You have a condition inside brackets. Means that, if your this.state.view is equal to default (true), active prop will be passwed down to the component with the true value. If not equal, with the false value.

Button Component, then, must someway handle this active prop. It can render the button element and, for instance, change it's style, pass the disabled prop... I created a fiddle to demonstrate this: https://jsfiddle.net/mrlew/5rsx40gu/


Actually, I guess it is a duplicated question that I answered it in this link sometimes ago. for this specific post, there is no need condition prop for a boolean value, because it works well like below:

const { booleanValue } = this.props;
return (
    <input checked={booleanValue} />

Or make your own boolean value:

const booleanValue = someThing === someOtherThing;
return (
    <input checked={booleanValue} />

Both of them work well, because when the booleanValue is false, react doesn't see the active prop, hence it does not exist, unless you pass checked prop to a specific component that the component will receive false checked prop from this.props.

But, if you wanna a have a prop on your specific component with a condition and if the condition returns false you don't want it there are two ways, I like second:


<Component someProp={condition ? yourValue : undefined} />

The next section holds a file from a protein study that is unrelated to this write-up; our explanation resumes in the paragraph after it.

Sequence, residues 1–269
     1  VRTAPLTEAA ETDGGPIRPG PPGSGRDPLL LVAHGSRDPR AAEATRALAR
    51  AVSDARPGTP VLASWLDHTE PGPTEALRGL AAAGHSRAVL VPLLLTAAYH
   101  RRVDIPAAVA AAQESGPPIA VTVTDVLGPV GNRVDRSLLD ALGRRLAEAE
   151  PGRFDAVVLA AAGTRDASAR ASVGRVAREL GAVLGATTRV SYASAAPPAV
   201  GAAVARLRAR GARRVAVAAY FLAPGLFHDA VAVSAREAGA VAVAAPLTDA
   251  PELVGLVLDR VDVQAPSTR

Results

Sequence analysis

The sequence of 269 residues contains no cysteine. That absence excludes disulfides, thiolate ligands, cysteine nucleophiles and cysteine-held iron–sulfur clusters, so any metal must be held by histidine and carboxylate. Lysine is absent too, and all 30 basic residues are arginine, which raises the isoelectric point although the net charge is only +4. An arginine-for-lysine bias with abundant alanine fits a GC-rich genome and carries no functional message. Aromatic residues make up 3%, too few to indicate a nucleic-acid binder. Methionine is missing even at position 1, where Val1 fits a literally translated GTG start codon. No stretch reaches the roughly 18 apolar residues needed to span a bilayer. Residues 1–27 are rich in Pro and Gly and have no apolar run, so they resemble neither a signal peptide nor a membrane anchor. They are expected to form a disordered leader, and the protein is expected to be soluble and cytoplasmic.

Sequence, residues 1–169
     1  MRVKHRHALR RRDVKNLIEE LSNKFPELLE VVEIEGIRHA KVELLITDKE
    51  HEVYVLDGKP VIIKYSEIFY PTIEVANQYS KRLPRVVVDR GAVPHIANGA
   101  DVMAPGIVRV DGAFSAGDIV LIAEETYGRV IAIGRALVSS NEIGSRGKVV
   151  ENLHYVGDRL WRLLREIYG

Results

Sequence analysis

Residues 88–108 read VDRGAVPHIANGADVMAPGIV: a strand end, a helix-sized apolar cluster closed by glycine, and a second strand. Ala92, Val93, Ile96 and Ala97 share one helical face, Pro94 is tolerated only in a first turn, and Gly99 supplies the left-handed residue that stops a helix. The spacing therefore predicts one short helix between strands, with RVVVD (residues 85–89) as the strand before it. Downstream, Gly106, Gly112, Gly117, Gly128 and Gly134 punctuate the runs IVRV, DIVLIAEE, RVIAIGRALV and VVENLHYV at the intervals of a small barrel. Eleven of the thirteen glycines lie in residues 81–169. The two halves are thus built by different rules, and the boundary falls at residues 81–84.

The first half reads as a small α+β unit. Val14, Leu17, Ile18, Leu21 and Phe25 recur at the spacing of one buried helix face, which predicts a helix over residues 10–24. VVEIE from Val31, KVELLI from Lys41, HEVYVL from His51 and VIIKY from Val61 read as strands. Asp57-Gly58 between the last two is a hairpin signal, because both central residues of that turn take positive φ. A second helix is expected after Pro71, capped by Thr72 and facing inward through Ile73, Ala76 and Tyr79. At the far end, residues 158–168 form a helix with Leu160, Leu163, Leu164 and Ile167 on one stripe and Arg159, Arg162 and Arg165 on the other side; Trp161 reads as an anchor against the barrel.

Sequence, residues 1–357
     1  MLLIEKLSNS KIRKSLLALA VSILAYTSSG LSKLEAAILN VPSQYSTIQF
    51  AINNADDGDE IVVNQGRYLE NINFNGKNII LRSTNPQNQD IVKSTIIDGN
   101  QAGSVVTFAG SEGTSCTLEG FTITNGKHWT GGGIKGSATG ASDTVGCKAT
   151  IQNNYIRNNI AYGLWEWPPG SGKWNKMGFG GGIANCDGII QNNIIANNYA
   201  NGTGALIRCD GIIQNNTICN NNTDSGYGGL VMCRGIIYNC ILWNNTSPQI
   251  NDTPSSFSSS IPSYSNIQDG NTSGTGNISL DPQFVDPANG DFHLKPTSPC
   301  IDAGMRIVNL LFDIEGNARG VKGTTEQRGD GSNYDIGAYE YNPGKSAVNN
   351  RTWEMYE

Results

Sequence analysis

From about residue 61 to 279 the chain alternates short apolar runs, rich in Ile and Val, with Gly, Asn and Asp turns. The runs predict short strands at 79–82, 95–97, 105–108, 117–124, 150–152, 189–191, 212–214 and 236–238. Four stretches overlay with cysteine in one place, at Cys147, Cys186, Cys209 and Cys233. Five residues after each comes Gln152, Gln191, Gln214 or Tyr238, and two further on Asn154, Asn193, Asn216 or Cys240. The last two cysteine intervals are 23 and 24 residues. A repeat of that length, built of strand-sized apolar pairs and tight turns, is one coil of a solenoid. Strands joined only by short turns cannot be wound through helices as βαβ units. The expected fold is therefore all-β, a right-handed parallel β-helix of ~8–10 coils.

<Component {...(condition && { someProp: yourValue })} />

In JSX, component properties (or props) compile to a plain JavaScript object. Prop names are used as the keys of the object, and prop values are stored under those keys. The first example from the JSX docs does a great good job demonstrating this. In your case {view === 'default' && true} is a raw value without an associated prop name. Without a prop name to use as a key (specified by the syntax name=), JSX has nowhere to put that value in the final props object.

However, JSX will accept props via your original syntax if the expression inside the curly braces evaluates to an object. For example, you could do {{ active: view === "default" }}. In this case JSX can get both the key and value that it needs from the provided object, so no active= is necessary.